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Review: Hatoful Boyfriend: Holiday Star

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One was fine but toucan be a problem

Everybirdie who’s anybirdie has found some kind of joy in Hatoful Boyfriend -- the strange yet alluring romantic bird simulator that stole the hearts of gamers and avians around the world.

We’re graced this holiday season with the follow-up remade sequel to Hatoful Boyfriend, aptly named Holiday Star. Players can now experience the same loveable characters from the first game, with a few new interesting characters added to the mix in a festive holiday setting.

Hatoful Boyfriend: Holiday Star (PC [reviewed], PlayStation 4, PlayStation Vita) 
Developer: Mediatonic
Publisher: Devolver Digital
MSRP: $9.99
Released: December 15, 2015 (PC), December 22, 2015 (PS4, Vita)

Like the first game, players roleplay as a female human in a world full of talking birds. However, unlike the original Hatoful Boyfriend, Holiday Star mostly takes place outside of the school walls -- at mansions, convention centers, and even all the way to far-away dream planets with mountains made of pudding. Rather than focusing on romance, the plots revolve around mysteries and other oddities.

Holiday Star contains four connected episodes, all of course extremely inane and silly as you’d expect from the series. In the first of the four, Christmas trees are mysteriously disappearing and it’s up to you and the rest of the town to figure out what’s happening. The second episode follows a mysterious bird who has a penchant for talking cryptically, and the last two end on a trippy dream to the Holiday Star itself, lead by an unhinged king and his dream citizens.

Unfortunately, if you’re looking for the dating sim that was part of the original Hatoful Boyfriend, you may be disappointed. Holiday Star treads far away from the romantic bird roots to focus more on themes of danger, mystery, and the absurd -- probably focusing on the later even more so than the first game. Most of the storylines have delightfully twisted, nonsensical plots which fans of the series will appreciate. The game also borrows themes from Phoenix Wright with an occasional “OBJECTION” or “HOLD IT” here and there.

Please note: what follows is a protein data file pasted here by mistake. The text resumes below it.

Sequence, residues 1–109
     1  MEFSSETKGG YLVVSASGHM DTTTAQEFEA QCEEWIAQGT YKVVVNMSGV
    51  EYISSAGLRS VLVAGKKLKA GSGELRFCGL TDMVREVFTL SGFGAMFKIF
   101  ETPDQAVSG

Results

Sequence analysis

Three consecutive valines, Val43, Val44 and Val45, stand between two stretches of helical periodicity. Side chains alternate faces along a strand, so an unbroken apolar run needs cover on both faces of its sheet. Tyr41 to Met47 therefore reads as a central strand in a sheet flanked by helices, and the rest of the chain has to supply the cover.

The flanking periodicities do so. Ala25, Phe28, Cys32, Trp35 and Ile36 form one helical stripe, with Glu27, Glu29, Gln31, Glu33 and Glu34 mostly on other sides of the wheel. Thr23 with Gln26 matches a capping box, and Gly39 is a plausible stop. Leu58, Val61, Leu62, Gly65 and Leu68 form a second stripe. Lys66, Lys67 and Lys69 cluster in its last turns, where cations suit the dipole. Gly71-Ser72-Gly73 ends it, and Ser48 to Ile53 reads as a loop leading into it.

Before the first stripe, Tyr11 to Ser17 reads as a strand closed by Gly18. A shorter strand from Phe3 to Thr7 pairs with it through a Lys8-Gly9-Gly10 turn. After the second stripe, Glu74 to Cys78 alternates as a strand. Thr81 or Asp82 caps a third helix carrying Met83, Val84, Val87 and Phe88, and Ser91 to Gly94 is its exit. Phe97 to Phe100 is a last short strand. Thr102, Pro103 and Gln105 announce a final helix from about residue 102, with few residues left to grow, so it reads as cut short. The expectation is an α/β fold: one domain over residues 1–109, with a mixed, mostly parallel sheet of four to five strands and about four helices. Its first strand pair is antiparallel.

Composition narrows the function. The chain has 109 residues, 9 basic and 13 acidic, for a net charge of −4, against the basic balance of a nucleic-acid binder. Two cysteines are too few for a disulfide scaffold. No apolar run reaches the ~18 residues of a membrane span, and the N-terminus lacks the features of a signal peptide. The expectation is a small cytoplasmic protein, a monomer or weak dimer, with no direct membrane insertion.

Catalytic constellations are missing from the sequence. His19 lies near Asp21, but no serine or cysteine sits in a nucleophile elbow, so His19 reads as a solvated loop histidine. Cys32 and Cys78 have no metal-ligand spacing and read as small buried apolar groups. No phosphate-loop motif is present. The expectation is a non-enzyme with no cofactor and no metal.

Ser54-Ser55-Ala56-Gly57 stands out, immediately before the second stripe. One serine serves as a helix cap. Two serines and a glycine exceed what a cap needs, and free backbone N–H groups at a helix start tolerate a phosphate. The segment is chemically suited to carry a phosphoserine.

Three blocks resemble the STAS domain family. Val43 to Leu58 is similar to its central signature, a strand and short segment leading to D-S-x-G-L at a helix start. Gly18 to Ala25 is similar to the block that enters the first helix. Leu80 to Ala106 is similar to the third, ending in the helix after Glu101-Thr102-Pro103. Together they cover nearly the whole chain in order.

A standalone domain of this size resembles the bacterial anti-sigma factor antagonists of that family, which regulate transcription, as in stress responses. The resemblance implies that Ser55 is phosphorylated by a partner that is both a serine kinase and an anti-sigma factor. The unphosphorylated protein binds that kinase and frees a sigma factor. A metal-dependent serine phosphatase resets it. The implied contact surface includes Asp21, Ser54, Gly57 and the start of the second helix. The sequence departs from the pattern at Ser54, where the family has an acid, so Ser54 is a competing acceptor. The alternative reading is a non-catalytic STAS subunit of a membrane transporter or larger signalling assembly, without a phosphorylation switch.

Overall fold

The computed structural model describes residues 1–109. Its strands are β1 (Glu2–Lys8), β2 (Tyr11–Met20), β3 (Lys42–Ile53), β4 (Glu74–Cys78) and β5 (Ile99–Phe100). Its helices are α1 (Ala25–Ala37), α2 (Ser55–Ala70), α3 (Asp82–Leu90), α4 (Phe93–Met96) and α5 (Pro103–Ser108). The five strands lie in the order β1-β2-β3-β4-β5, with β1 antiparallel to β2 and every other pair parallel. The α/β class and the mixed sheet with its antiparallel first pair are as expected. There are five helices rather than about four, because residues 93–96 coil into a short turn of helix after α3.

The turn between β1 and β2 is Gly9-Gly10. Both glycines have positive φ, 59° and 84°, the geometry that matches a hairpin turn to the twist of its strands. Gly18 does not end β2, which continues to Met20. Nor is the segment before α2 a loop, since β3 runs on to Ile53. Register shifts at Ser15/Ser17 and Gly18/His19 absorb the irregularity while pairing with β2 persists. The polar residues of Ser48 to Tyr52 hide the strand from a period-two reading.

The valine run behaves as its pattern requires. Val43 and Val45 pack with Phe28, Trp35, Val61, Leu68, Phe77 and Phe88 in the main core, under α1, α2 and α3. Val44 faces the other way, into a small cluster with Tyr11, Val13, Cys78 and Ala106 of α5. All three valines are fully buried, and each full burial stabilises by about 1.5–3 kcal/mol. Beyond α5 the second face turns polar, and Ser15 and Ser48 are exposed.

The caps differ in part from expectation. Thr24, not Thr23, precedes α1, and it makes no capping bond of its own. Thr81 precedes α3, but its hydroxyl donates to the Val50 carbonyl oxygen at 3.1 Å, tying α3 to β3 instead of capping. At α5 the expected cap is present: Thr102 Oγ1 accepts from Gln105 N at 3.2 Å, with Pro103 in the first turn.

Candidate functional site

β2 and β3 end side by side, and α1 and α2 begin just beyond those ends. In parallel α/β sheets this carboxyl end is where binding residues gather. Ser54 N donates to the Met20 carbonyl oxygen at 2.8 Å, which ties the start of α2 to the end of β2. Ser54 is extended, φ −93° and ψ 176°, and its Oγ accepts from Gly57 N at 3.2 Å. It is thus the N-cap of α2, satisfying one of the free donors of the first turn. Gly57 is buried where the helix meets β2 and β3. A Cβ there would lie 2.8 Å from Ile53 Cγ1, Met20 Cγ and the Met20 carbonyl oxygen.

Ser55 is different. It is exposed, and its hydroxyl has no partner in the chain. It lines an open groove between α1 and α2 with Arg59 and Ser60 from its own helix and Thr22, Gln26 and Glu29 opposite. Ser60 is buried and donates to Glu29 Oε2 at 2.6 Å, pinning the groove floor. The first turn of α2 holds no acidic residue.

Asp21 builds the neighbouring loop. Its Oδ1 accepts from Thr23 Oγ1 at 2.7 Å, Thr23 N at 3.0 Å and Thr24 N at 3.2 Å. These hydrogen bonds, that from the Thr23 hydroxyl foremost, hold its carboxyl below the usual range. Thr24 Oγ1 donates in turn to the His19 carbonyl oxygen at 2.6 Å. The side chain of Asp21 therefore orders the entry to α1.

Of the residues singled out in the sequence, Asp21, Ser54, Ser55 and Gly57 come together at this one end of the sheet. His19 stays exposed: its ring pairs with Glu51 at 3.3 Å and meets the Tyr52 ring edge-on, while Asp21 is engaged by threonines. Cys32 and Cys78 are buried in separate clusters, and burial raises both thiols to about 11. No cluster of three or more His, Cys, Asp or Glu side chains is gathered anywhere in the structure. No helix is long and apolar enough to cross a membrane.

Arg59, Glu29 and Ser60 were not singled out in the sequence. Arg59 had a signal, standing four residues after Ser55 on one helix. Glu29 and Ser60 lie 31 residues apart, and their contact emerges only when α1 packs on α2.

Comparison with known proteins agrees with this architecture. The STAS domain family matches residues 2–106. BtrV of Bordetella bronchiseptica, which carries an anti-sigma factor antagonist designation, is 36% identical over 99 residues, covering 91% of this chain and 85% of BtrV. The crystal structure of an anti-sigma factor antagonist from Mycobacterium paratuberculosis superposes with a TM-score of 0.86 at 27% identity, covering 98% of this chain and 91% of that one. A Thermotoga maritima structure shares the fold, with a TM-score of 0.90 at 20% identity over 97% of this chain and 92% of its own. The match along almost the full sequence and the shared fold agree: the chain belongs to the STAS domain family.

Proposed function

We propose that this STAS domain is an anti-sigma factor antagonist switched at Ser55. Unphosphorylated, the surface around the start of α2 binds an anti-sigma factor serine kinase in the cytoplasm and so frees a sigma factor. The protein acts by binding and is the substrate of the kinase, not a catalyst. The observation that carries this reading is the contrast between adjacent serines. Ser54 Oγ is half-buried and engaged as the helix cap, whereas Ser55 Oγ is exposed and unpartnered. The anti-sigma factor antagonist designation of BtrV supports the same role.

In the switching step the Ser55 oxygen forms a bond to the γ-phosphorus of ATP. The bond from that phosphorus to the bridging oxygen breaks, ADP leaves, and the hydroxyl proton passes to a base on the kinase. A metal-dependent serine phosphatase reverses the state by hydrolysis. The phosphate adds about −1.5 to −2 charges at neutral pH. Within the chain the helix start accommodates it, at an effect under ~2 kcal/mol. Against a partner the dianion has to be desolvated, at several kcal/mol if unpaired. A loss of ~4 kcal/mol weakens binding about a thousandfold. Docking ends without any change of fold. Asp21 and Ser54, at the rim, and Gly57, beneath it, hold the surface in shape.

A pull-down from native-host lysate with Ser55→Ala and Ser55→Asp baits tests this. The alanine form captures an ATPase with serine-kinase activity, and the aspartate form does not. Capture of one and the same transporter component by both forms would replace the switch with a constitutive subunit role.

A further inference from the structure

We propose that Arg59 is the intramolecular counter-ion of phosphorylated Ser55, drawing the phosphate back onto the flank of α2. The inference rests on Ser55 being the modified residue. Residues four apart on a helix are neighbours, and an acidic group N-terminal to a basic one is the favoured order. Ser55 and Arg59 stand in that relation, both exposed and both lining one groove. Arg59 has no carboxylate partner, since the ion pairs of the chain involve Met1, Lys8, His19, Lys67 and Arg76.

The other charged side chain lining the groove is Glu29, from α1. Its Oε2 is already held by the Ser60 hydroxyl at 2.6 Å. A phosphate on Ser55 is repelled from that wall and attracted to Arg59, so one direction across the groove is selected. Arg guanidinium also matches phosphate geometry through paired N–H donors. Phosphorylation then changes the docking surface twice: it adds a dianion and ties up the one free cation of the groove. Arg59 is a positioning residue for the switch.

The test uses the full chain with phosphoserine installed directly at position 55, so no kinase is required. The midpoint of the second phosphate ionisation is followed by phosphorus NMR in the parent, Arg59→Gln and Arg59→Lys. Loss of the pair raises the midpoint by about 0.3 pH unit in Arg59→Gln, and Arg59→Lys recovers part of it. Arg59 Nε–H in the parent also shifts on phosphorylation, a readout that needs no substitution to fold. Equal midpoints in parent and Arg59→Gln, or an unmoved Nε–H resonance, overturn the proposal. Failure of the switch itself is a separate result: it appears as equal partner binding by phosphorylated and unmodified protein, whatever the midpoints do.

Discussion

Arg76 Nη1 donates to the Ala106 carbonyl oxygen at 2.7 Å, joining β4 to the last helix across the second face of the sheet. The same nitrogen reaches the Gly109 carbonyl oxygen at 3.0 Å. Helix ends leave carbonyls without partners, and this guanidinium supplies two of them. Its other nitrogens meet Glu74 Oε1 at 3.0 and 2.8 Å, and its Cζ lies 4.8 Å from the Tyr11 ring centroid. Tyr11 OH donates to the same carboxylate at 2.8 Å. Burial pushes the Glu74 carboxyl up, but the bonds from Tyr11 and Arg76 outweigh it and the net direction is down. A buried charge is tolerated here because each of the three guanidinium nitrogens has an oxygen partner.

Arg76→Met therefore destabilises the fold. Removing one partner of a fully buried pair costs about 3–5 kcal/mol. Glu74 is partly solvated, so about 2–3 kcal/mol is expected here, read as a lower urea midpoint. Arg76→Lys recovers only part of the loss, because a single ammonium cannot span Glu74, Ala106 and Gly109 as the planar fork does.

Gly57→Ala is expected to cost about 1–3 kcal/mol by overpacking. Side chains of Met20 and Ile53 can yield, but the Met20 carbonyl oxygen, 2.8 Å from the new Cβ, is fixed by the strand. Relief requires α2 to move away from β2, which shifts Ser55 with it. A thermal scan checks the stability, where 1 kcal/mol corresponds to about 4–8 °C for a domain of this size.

Sadly, the delightfully absurd nature of the game is overshadowed by the fact that Holiday Star isn’t really a game at all. There are very few choices ever presented, making it a true visual novel more than anything else. For most of the chapters, it takes a good 15-20 minutes going through the dialogue until a decision point appears -- and even then the choices are a simple “do this or that” or “go here or go there” with usually two options presented.

What’s more frustrating is that when story choices do appear, often there is only one right answer. This means that if an option is chosen incorrectly, it’s an instant game over -- and because there’s an insane amount of dialogue, it’s unlikely that you would have a backup save in the right place. Decisions don’t pop up until a good ¾ of the way into some of the chapters, so it becomes extremely birdensome to progress unless you save often.

The run-on dialogue is made even more painful by the lack of music or background noise. There are only a few holiday songs that pop up from time to time, but for the most part the dialogue runs on for so long that the music loops, making the game seem even more hollow.

It’s sad to say, but I can only recommend Hatoful Boyfriend: Holiday Star if you’re either a) extremely bird to death over the holidays, B) extremely drunk over the holidays, or ideally, c) extremely both. Fans of the original game may enjoy seeing the same birds in new situations, but the lack of any choice or gameplay (even compared to the first) is just downright owlful. Those looking for an actual game may want to sparrow themselves the pain.

[This review is based on a retail build of the game provided by the publisher.]

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Hatoful Boyfriend: Holiday Star reviewed by Caitlin Cooke

4

BELOW AVERAGE

Has some high points, but they soon give way to glaring faults. Not the worst, but difficult to recommend.
How we score:  The Destructoid reviews guide

 
 
 

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Caitlin Cooke
Caitlin Cookebzzt clck whrr   gamer profile

Dtoid's sporadic review, preview, and events writer. "Without the looming consequence of death, is this even science?"  more + disclosures


 


 


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    Filed under... #Devolver Digital #Japanator #PC #reviews #Visual Novel

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